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DR. HEIDI RADUNOVICH

ASSOCIATE PROFESSOR 


 

3008-B McCarty D
(352) 273-3534| hliss@ufl.edu

Education:

 

 

 

DR. HEIDI RADUNOVICH

ASSOCIATE PROFESSOR 


 

3008-B McCarty D
(352) 273-3534| hliss@ufl.edu

Education:

 

 

 

BIOGRAPHY


Dr. Radunovich joined the Department of Family, Youth and Community Sciences in 2002 as an Assistant Scientist at the National Rural Behavioral Health Center for 4 years. She started her position as an Assistant Professor of Human Development in July, 2006, and was promoted to Associate Professor in 2013. She has recently taken on the role of Extension Program Director for UF Engagement. Her current workload is split among Cooperative Extension (65%), teaching (25%), and research (10%). In the area of Cooperative Extension, areas of programming include stress and family stress (including disaster stress, military families, coping with chronic illness and disabilities),  motivational interviewing, preparation for college, and childcare provider education. Within the area of teaching, Dr. Radunovich teaches an undergraduate course, Contemporary Family Problems, and graduate courses, Working with Military Families in the Community Context and the introductory graduate seminar, Human Resource Development. She also provides undergraduate academic advising, and works with graduate students in their research and project development.  Her research foci include family stress, youth risk behavior, college success, and academic integrity.

Dr. Radunovich completed her undergraduate degree at Washington University (majoring in Psychology and Spanish). Her M.A. and Ph.D. in clinical psychology were earned at the University of South Florida. She is also a licensed psychologist in the state of Florida. Dr. Radunovich is married and has a daughter.


RESEARCH INTERESTS

Dr. Radunovich’s main areas of research focus on the following questions: How does stress impact families, and how can we support families so that they can successfully navigate stressors? She uses family stress and biopsychosocial approaches to conceptualize how families navigate stress. Topical foci have included examining stress associated with disaster, mental health, transition to college, and rural life. Her research concentrates on

  • Families
  • Stress
  • Disaster
  • College
  • Rural
  • Mental health

BIOGRAPHY


Dr. Radunovich joined the Department of Family, Youth and Community Sciences in 2002 as an Assistant Scientist at the National Rural Behavioral Health Center for 4 years. She started her position as an Assistant Professor of Human Development in July, 2006, and was promoted to Associate Professor in 2013. She has recently taken on the role of Extension Program Director for UF Engagement. Her current workload is split among Cooperative Extension (65%), teaching (25%), and research (10%). In the area of Cooperative Extension, areas of programming include stress and family stress (including disaster stress, military families, coping with chronic illness and disabilities),  motivational interviewing, preparation for college, and childcare provider education. Within the area of teaching, Dr. Radunovich teaches an undergraduate course, Contemporary Family Problems, and graduate courses, Working with Military Families in the Community Context and the introductory graduate seminar, Human Resource Development. She also provides undergraduate academic advising, and works with graduate students in their research and project development.  Her research foci include family stress, youth risk behavior, college success, and academic integrity.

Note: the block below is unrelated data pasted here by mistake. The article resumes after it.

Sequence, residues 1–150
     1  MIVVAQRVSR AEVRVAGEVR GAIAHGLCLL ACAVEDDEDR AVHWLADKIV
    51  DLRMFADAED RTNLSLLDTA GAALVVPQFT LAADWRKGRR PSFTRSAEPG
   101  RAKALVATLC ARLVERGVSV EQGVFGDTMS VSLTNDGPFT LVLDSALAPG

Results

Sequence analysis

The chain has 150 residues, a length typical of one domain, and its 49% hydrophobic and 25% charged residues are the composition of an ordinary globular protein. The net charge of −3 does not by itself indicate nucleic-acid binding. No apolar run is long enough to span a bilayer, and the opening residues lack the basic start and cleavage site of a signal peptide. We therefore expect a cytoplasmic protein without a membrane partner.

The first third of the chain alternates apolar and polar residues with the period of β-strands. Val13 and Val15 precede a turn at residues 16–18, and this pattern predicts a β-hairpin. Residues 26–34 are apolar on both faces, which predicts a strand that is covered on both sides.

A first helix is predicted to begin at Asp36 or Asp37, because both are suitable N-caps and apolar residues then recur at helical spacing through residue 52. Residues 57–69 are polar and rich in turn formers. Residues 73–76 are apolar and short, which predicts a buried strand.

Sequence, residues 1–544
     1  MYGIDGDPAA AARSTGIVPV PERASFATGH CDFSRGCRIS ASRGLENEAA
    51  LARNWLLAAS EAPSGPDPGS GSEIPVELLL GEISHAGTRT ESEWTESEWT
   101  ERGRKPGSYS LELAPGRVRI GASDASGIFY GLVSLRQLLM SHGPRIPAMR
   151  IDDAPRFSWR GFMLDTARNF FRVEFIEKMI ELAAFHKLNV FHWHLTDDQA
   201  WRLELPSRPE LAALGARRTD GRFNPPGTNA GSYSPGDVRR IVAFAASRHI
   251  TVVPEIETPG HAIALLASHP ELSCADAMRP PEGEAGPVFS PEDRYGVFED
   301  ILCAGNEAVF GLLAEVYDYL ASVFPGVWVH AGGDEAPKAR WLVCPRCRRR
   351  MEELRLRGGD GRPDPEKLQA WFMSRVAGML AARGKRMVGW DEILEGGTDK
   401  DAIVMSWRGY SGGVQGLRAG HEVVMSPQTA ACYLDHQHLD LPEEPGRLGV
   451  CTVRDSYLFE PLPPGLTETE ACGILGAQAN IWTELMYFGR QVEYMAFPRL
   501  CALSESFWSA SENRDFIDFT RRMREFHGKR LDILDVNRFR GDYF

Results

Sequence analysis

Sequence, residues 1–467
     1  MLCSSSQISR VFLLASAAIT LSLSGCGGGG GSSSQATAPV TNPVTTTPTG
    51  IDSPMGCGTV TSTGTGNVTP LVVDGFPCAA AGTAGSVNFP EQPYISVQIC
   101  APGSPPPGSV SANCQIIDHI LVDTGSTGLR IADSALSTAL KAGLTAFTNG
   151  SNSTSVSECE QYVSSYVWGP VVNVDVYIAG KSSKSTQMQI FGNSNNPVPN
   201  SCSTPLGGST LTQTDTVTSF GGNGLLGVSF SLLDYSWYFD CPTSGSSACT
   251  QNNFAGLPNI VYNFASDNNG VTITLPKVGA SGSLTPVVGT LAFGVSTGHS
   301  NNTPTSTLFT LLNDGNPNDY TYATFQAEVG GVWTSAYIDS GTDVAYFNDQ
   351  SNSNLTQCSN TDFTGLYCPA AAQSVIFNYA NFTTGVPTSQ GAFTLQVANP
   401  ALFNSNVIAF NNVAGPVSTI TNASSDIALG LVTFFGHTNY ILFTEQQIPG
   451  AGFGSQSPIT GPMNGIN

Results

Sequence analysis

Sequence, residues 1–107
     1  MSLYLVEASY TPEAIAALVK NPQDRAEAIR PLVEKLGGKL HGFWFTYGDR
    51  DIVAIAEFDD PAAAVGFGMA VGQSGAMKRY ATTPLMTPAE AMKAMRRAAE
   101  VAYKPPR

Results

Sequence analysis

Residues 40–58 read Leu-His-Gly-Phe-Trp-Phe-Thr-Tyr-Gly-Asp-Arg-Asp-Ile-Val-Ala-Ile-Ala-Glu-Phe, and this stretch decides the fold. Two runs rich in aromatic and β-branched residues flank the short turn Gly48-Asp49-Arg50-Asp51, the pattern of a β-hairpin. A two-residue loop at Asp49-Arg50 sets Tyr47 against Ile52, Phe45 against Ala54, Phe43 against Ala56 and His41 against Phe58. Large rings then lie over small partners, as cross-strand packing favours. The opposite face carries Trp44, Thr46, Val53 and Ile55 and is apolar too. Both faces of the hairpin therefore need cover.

Dr. Radunovich completed her undergraduate degree at Washington University (majoring in Psychology and Spanish). Her M.A. and Ph.D. in clinical psychology were earned at the University of South Florida. She is also a licensed psychologist in the state of Florida. Dr. Radunovich is married and has a daughter.


RESEARCH INTERESTS

Dr. Radunovich’s main areas of research focus on the following questions: How does stress impact families, and how can we support families so that they can successfully navigate stressors? She uses family stress and biopsychosocial approaches to conceptualize how families navigate stress. Topical foci have included examining stress associated with disaster, mental health, transition to college, and rural life. Her research concentrates on

  • Families
  • Stress
  • Disaster
  • College
  • Rural
  • Mental health